The Vacuum Cleaner Manufacturers Association (VCMA) electednew officers and members of its executive board during its annual membership meeting held at the Marriott Castle Harbor hotel here.
Dave Jones, president and chief executive of Regina, stepped down from his post as president of the VCMA. Patrick Dowling, group executive of Scott Fetzer, the parent company of Kirby & Douglass Quikut, is thenew president of the VCMA. Previously, Dowling served as vice president of the association.
Bob Riddell, vice president of marketing for Hoover, has been elected vice president of the association. Scott Bolbock, assistant to the president for Eureka, is the new treasurer.
“The departure of our treasurer Greg McManus (who left Matsushita’s Floor Care Division to join KitchenAid two months ago) left this election a little more open than in the past,” noted Cliff Wood, executive secretary for the VCMA. “But new officers are familiar with the workigns of the VCMA. Bob (Riddell) has served on the executive board, while Scott (Bolbock) was the chairman of our membership committee and strategic planning.”
All three officers as well as outgoing president Jones will serve on the executive board. Other members of the board elected at the meeting include Stephen Brian, vice president of operations at Electrolux, John Laymon, vice president of manufacturing of Rexair, and Raymond Kirkpatrick, director of marketing at HP Products, all previous members of the board. Jim Marden, president of Ryobi Motor Products (makers of Singer vacuums), was the newest member elected to the board.
Dowling credited Jones with doing “an excellent job” during his tenure as president of the association. He said one issue the association must address is the formalization of ASTM (American Society of Testing and Materials) standards for rating the cleanability of vacuums.
“The formalization of standards is an issue over which we, as an association, have no direct control,” said Dowling. “But we can make sure we get repeateability between tests and reproducibility between testing labs. We’re very close, but we’d like to get it better.”
“On issues such as import legislation or vacuum cleaning standards the VCMA should take a proactive stance, but perhaps not lead” added Jones. “We have to look out for the betterment of the industry as a whole. What might be good for some members of the organization might not be good for all the members.”
Dowling sees three major trends affecting the industry in the coming decade: more environmentally friendly vacuums; greater concentration on cleaning hard floor surfaces; and a swing toward battery-powered units.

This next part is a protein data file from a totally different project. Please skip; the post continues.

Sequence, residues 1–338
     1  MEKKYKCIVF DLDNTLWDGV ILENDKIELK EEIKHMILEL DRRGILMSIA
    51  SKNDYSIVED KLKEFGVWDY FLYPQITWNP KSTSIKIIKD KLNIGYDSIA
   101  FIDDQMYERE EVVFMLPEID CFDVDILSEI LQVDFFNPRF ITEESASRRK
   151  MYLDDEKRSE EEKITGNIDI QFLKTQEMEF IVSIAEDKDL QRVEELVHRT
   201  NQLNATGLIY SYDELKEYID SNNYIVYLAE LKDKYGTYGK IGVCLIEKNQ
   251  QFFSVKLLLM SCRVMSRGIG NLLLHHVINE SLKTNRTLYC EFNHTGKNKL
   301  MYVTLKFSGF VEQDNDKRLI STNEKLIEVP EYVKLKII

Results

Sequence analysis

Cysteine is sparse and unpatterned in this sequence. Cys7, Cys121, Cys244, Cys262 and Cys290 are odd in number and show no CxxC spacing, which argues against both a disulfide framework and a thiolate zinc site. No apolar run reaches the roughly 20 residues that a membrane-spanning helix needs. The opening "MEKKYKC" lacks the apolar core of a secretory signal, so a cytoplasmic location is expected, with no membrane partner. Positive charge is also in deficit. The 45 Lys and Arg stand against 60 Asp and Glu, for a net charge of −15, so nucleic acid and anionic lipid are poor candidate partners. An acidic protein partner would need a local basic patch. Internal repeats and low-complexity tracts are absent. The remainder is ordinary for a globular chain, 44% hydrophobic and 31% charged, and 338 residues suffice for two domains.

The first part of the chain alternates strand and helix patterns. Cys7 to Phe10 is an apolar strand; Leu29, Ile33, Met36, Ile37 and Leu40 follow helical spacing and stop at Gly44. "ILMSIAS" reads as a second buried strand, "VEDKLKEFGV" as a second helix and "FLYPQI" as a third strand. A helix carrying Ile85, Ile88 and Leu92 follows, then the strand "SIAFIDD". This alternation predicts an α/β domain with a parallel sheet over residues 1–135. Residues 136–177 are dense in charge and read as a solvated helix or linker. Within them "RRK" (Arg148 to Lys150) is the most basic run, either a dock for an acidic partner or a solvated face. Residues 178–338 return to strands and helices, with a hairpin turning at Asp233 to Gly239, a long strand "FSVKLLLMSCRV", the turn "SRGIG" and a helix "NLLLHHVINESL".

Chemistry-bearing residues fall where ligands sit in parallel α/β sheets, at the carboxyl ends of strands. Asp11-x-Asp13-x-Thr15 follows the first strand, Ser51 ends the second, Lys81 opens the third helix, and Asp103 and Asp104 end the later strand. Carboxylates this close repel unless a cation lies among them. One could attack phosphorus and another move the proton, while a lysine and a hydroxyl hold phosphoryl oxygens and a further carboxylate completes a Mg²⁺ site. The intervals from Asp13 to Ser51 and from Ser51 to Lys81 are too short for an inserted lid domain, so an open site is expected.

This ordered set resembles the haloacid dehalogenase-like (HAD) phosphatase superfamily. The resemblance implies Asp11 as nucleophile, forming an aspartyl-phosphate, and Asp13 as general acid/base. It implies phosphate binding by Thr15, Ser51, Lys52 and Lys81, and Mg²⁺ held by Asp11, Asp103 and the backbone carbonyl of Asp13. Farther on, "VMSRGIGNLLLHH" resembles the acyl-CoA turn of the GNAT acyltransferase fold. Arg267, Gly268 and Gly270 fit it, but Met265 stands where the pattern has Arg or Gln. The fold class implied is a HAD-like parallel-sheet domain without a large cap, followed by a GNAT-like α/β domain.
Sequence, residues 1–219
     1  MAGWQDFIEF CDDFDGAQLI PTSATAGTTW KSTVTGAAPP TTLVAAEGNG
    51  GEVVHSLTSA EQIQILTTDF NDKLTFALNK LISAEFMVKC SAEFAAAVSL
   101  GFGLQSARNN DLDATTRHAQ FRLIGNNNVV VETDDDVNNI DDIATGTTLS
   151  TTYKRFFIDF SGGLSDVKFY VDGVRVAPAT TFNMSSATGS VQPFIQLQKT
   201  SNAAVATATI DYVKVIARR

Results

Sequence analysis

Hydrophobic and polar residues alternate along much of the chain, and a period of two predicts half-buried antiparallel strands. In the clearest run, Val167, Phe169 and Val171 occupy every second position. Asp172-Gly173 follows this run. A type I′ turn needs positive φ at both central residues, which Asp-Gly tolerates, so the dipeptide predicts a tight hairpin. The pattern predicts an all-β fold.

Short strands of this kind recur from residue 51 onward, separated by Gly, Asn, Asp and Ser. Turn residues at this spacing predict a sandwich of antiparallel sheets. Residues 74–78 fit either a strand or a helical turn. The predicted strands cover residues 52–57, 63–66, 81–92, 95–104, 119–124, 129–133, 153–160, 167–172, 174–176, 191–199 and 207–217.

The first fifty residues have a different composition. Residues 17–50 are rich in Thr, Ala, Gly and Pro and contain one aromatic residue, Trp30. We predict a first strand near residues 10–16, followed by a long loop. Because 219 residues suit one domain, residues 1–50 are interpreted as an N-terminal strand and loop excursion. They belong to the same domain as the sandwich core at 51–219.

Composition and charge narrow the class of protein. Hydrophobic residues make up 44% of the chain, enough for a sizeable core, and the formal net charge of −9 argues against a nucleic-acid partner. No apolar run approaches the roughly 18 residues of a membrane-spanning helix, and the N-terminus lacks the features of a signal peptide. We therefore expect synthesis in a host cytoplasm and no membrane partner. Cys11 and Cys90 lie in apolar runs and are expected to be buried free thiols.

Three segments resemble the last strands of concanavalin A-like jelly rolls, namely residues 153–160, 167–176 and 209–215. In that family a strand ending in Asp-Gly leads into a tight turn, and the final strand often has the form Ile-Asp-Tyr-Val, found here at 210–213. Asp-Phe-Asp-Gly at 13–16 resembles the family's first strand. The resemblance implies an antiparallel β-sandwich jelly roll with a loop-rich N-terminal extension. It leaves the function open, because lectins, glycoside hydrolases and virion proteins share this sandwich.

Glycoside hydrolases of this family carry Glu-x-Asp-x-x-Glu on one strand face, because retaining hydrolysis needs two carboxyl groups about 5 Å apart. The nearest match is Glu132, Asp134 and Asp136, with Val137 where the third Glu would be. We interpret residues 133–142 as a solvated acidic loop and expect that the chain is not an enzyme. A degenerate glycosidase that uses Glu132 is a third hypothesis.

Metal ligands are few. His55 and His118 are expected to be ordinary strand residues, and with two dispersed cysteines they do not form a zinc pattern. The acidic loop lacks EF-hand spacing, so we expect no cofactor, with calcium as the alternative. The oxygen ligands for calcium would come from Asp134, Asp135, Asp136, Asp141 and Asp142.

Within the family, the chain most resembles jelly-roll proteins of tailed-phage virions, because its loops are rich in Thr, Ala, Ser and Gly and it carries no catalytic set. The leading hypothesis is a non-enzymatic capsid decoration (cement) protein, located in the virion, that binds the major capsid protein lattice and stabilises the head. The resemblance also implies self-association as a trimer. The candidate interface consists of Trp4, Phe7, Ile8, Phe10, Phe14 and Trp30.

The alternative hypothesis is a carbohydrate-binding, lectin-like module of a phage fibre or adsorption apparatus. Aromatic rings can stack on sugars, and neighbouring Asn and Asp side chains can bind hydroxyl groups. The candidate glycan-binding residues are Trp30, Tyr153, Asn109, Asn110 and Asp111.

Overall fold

“We’ll see vacs with higher levels of filtration, disposable dirt bags that break down easier in land fills and the reduction of operating noise levels,” said Dowling. “Firms that have the dollars to devote to new product development and engineering will be the winners in the coming decade.”
Dowling said vacuums will become more flexible and easier to use. Another trend could be the revitalization of battery-powered vacuums.
“The technology of batteries is improving almost daily,” he said. “This will make battery-powered units more attractive because the comsumer will not have to sacrifice anything in power for convenience.”
Jones sees the recession as the greatest impediment to growth. It must end before the industry can again realize the explosive growth it enjoyed during the late 1980s.
“Right now, there are forces outside our industry beyond our control,” said Jones. “It is a very mature industry with almost 100 percent penetration into homes.
“We’ve sustained the market by providing consumers with products that have specialized cleaning functions, and making consumers aware that they can own more than one vacuum,” Jones added. “When the economy turns around we’ll be well positioned to grow.”
Jones said the floor care industry will grow by 6 percet to 7 percent a year for the next decade, barring unexpected downturns. He agreed both consumers and vacuums will change in the coming decade.
“The industry right now is very market driven by consumer demands for added cleaning features such as on-board tools, above-floor cleaning and products for quick clean ups,” said Jones. “By the turn of the century, consumers will be looking for technological improvements and superior performing products.”